A migrant who had been living at the "Jungle" in Calais before it was closed has been rescued eight miles (13km) from the English coast as he attempted to cross the Channel in an inflatable kayak.
The man, believed to be in his 30s, was spotted by a cross-channel ferry and a lifeboat from Walmer went to check on him before he was picked up by a UK border force cutter and taken to a Croydon immigration centre. The same cutter had reportedly spotted an abandoned jet-ski off Dover just hours earlier.
The asylum-seeker claims to have converted to Christianity in Iran, where he was a software engineer, leading to his persecution. Iran is ranked ninth worst place in the world to be a Christian, according to Christianity Today.
The migrant is in Croydon under what is known as the "Detained Fast Track" (DFT) process. Experts will attempt to find out if he really is from Iran.
According to Sky News, checks will also take place to see if the applicant has previously attempted to enter the UK or applied for asylum elsewhere in Europe. If he has, his claim may be rejected without the chance of appeal.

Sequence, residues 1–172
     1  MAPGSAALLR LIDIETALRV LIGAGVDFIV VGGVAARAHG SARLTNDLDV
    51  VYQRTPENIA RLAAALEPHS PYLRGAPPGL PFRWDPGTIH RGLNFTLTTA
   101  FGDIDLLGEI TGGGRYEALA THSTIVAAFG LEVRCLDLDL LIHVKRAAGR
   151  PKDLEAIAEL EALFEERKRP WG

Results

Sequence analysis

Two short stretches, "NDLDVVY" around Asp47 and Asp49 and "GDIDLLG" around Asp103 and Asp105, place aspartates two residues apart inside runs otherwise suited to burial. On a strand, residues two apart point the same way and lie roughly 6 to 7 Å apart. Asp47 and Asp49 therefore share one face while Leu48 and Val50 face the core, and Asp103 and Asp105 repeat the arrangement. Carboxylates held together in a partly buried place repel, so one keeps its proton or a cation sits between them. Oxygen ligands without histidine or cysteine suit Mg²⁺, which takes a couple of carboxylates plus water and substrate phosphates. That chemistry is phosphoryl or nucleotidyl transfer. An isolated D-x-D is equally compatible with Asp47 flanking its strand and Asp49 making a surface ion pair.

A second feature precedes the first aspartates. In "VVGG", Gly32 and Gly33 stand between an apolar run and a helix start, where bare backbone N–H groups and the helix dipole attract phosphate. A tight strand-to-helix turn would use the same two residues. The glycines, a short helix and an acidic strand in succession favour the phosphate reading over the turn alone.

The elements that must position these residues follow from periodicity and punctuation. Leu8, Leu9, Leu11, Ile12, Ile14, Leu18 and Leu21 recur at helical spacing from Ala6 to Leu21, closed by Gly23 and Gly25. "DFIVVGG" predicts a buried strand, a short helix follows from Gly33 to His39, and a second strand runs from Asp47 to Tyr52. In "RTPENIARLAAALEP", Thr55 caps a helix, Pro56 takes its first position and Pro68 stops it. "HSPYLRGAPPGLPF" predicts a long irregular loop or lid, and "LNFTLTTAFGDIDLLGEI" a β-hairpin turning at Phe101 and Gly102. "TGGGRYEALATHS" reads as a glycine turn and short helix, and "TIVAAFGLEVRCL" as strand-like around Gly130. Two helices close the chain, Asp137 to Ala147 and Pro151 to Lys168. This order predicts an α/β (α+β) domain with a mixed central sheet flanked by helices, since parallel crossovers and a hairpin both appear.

The UK continues to be a preferred destination for migrants, mostly from the Middle East, South Asia and Africa.
It is not yet clear if the tearing down of the Calais "Jungle" and dispersal of around 6,000 migrants across France will make much of a difference. According to The Independent, hundreds of children are still living in squalid conditions at the camp.
Migrants have attempted to cross the Channel - one of the world's busiest shipping lanes - by boat or dinghy, but this is thought to be the first case involving a kayak.
Migrants have also attempted to walk through the Channel Tunnel, although only one is known to have succeeded. Some are believed to have attempted to swim the channel crossing.
An unknown number of migrants have been crushed by trucks or trains and many more have crossed into the UK in the backs of trucks, often vanishing before they could be captured.